A neoconservative (also spelled "neo-conservative"; colloquially, neocon) in American politics is someone presented as a conservative but who actually favors big government, interventionalism, and a hostility to religion in politics and government. The word means "newly conservative," and thus formerly liberal. Many neocons had been liberals in their youth and admired President Franklin D. Roosevelt. In 2010 the highest priority of the neoconservatives is to increase military action by the United States in the Middle East and Afghanistan, and to expand it to an American confrontation against Iran; in 2011 their goals include supporting a military attack on Libya, continuing the Afghanistan War indefinitely, and even suggesting military action against Syria.

    Neoconservatives tend to oppose the appointment of social conservatives to high governmental positions, such as nomination to the U.S. Supreme Court. Neoconservatives support candidates who are liberal on social issues instead.

    Neoconservatives favor expensive foreign interventionalism with massive federal spending, often to replace a dictator with a new system of government that may be worse. Sometimes this is expressed as a desire to install a democracy in a culture that may be incompatible with it. The neoconservative position was discredited in the failure of democracy in the Iranian elections of 2009.

    The neoconservative movement emerged in the mid 1970s, played a limited role in the Ronald Reagan Administration, and then had a voice in the Defense Department under the George W. Bush Administration after 9/11. Candidates favored by neoconservatives for president in 2012 include Newt Gingrich, Mike Huckabee, Mike Pence and, to a lesser extent because she pulls support away from those candidates, Sarah Palin.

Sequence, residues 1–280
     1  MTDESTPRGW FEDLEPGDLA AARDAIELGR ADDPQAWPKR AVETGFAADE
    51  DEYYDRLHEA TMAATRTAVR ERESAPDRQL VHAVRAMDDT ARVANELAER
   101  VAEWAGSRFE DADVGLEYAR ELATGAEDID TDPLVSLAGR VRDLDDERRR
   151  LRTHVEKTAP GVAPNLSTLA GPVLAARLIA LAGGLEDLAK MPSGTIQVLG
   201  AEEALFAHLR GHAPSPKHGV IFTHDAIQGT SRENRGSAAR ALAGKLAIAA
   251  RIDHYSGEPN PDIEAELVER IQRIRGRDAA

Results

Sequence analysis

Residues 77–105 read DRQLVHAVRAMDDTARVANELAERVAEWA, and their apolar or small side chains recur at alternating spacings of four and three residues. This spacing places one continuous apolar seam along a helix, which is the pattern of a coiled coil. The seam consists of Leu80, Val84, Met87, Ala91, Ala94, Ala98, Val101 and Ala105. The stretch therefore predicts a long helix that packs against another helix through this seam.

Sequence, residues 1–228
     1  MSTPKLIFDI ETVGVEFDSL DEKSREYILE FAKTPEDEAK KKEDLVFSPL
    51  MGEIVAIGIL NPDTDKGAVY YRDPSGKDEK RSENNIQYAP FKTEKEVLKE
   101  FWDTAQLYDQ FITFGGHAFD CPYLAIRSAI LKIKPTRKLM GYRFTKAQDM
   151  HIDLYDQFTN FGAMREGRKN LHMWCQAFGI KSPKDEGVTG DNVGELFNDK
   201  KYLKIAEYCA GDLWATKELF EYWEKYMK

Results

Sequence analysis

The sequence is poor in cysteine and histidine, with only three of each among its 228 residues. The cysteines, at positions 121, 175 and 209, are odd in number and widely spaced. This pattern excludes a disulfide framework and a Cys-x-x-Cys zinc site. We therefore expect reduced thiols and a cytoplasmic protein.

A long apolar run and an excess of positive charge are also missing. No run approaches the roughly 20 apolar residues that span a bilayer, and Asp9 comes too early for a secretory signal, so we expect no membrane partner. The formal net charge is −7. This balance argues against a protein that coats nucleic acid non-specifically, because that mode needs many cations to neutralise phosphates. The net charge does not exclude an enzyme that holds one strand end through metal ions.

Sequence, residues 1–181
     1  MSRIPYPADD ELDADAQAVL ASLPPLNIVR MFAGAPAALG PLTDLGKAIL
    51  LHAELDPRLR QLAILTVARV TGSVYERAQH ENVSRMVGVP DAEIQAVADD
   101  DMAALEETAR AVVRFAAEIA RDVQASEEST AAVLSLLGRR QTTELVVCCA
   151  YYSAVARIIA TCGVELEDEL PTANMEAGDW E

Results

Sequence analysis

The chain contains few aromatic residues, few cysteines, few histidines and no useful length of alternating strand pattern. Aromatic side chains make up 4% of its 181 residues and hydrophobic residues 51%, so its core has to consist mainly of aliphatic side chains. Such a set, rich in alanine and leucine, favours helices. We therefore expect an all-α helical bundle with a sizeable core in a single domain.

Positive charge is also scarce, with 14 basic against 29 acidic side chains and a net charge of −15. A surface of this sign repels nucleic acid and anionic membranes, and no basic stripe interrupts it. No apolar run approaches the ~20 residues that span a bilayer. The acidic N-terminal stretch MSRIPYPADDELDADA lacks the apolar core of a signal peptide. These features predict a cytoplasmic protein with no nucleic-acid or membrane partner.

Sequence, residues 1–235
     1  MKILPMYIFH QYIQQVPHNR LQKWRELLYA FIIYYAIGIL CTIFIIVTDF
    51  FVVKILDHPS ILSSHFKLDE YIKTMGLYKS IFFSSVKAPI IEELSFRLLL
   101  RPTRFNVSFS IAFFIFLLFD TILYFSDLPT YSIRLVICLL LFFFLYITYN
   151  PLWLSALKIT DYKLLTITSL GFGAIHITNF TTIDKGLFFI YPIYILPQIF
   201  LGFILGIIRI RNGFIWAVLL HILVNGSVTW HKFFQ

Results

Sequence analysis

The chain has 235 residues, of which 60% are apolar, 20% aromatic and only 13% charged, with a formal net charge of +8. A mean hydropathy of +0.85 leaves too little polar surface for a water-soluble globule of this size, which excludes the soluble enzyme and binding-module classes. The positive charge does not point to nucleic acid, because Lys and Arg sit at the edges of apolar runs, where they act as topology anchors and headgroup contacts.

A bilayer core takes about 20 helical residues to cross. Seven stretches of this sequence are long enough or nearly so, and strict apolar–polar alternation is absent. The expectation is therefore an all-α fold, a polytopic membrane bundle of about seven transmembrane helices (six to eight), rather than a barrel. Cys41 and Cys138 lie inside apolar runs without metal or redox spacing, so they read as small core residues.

Some prominent spokesmen include Bill Kristol, Paul Wolfowitz, Lewis Libby, Norman Podhoretz, Daniel Pipes, Charles Krauthammer, Richard Perle, Robert Kagan, Christopher Hitchens, Stephen Schwartz, Elliott Abrams, Ben Wattenberg and Carl Gershman.

    In contrast to traditional conservatives, neoconservatives favor globalism, downplay religious issues and differences, are unlikely to actively oppose abortion and homosexuality. Neocons disagree with conservatives on issues such as classroom prayer, the separation of powers, cultural unity, and immigration. Neocons favor a strong active state in world affairs. Neocons oppose affirmative action with greater emphasis and priority than other conservatives do.

    On foreign policy, neoconservatives believe that democracy can and should be installed by the United States around the world, even in Muslim countries such as Iraq, Iran, and Saudi Arabia.

    Neoconservatives were prominent in the George W. Bush administration by supporting a strong foreign policy, and especially favored the Iraq War and its efforts to spread democracy worldwide.

    Soure - Conservapedia

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  27. As opposed to "Classical Liberalism"

    Prior to the 20th century, classical liberalism was the dominant political philosophy in the United States. It was the political philosophy of Thomas Jefferson and the signers of the Declaration of Independence and it permeates the Declaration of Independence, the Constitution, the Federalist Papers and many other documents produced by the people who created the American system of government. Many of the emancipationists who opposed slavery were essentially classical liberals, as were the suffragettes, who fought for equal rights for women.

    Basically, classical liberalism is the belief in liberty. Even today, one of the clearest statements of this philosophy is found in Jefferson's Declaration of Independence. At that time, as is the case today, most people believed that rights came from government. People thought they only had such rights as government elected to give them. But following the British philosopher John Locke, Jefferson argued that it's the other way around. People have rights apart from government, as part of their nature. Further, people can form governments and dissolve them. The only legitimate purpose of government is to protect these rights.